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          From today's featured article

          Skull of a T.?talamancae male

          Transandinomys talamancae is a widespread and common rodent in the genus Transandinomys that occurs from Costa Rica to southwestern Ecuador and northern Venezuela. Its habitat is lowland forests up to an altitude of 1,525?m (5,003?ft). It is a medium-sized rice rat with soft fur, reddish to brownish on the overparts and whitish on the underparts. The ears and feet are long, and the tail is dark brown above and lighter below. The whiskers are very long. The species was first described in 1891 by Joel Asaph Allen. It was considered to be conspecific with what is now Hylaeamys megacephalus from the 1960s until the 1980s and was then placed in the genus Oryzomys until 2006, when it was moved to its current genus. This is a terrestrial nocturnal rat that eats plants and insects. It breeds throughout the year, but few individuals survive for more than a year. After a gestation of about 28 days, two to five young are born, which reach sexual maturity within two months. Part of the Transandinomys featured topic. ( Full?article... )

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          Interior of Mari? Kr?nung


          Taal Volcano erupting


          January 14 : National Forest Conservation Day in Thailand; Ratification Day in the United States (1784)

          Kingston, Jamaica, after the 1907 earthquake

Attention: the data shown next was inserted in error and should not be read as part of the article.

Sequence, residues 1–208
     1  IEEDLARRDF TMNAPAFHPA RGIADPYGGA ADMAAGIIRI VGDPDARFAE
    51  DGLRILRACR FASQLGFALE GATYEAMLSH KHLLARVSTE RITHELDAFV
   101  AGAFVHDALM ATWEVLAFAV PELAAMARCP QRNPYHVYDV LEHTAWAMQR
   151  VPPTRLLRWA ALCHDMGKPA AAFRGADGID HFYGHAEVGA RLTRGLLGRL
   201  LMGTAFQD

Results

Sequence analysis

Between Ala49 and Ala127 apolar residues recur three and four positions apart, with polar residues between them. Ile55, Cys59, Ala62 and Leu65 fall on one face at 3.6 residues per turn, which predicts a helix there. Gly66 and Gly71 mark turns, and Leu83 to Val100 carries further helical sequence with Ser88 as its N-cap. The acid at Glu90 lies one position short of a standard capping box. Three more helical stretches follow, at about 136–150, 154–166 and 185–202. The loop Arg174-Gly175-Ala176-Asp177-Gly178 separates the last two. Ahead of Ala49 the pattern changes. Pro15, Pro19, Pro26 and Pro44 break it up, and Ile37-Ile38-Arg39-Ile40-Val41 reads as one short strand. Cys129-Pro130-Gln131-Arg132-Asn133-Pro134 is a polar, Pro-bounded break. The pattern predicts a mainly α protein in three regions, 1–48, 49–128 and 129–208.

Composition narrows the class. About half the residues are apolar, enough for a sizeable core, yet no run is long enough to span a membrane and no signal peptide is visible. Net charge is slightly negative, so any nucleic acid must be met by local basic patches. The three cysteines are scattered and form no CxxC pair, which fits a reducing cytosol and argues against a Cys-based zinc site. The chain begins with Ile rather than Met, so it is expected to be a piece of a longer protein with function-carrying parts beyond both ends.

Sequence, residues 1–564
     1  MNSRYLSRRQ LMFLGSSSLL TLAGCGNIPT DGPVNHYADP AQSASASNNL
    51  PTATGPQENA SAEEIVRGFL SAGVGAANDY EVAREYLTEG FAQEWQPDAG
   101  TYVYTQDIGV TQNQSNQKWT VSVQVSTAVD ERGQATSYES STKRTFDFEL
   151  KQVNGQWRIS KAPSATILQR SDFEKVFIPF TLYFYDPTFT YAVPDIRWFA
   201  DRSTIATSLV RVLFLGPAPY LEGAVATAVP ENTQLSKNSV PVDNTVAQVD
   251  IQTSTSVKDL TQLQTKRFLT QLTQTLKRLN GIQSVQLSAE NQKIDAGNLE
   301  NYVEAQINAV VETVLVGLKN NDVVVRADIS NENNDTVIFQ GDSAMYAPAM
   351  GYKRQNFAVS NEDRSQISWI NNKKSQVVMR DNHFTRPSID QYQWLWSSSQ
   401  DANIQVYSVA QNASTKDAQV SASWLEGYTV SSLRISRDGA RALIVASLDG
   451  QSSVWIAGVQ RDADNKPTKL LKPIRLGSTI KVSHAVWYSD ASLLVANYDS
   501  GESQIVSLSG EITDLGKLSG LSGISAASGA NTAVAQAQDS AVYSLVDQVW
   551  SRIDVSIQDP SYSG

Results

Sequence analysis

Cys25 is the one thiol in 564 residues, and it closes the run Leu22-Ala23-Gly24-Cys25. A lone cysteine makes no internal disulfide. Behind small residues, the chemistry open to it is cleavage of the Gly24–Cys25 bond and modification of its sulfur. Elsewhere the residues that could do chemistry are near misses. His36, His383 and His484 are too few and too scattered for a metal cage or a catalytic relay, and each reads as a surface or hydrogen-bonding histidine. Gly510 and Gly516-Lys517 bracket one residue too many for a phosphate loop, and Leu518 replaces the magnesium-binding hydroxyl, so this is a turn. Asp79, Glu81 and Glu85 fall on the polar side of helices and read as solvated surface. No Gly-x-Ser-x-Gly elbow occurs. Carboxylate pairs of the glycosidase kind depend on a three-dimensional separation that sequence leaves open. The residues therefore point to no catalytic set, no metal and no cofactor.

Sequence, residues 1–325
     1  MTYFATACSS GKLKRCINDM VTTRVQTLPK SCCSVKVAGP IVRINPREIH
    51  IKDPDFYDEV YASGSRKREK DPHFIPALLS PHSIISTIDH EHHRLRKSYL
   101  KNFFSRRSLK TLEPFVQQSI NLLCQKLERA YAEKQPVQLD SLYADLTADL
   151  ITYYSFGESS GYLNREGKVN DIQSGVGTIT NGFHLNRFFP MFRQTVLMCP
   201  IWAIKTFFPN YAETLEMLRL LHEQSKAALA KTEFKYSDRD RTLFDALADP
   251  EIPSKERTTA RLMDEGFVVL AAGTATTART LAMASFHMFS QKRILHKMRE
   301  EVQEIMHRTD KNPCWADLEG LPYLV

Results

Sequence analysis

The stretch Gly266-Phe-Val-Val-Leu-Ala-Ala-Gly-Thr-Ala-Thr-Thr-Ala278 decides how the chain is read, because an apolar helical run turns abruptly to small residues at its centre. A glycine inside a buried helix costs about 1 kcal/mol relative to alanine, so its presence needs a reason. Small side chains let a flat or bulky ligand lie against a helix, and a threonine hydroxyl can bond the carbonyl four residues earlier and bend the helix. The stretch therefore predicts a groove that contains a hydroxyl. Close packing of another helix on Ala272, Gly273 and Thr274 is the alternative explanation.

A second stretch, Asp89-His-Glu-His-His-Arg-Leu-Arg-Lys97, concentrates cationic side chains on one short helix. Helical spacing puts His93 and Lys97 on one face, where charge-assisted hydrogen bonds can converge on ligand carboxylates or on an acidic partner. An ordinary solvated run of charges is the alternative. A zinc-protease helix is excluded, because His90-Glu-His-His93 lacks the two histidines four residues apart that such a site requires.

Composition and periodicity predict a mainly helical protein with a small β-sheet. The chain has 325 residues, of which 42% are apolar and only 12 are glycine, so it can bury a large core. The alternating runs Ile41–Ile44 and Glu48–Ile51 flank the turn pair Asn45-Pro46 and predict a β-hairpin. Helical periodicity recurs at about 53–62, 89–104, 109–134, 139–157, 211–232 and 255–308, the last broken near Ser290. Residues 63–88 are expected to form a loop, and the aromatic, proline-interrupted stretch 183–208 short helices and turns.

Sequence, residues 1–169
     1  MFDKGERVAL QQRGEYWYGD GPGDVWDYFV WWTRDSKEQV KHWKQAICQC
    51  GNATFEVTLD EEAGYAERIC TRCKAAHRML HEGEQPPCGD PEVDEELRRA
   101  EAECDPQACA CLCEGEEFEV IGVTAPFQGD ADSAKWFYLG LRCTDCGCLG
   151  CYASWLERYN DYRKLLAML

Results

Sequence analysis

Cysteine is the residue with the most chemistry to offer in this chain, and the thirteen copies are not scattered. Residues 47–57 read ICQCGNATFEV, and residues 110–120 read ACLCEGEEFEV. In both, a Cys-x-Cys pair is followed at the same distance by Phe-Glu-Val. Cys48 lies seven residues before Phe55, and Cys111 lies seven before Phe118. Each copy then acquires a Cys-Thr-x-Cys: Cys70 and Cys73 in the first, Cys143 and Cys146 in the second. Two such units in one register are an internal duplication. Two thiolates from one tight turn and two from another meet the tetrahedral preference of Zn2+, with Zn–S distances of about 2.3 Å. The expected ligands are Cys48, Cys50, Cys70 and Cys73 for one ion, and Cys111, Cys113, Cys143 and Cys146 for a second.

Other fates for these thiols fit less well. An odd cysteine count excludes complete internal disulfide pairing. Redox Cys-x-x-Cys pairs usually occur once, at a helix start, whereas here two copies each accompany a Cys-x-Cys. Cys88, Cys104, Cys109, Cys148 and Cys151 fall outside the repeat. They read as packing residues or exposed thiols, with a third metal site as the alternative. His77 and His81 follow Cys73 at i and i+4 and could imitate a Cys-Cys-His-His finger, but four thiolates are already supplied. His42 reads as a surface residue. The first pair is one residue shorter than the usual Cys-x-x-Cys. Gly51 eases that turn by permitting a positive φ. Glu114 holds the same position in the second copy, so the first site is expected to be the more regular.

Michael Arne (d.?1786)?· Carrie Derick (b.?1862)?· Rambhadracharya (b.?1950)

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          Today's featured picture

          Rhinogobius flumineus , also known as the lizard goby, is a species of goby in the Oxudercidae family endemic to Japan, seen here in Hamamatsu, Shizuoka Prefecture. A small freshwater fish found in fast-flowing streams, it maintains its position against the current by gripping a rock with a sucker formed from two of its fins. The fish's mouth is slightly asymmetric; dextral (right-sided) fish tend to curve their bodies to the right as they rest, while sinistral (left-sided) fish tend to adopt a left-curving posture. The fish are omnivorous, picking edible items off the stream bed with the side of the mouth, but dextral and sinistral fish show no preference for which side of the mouth they use for this purpose.

          Photograph credit: Seotaro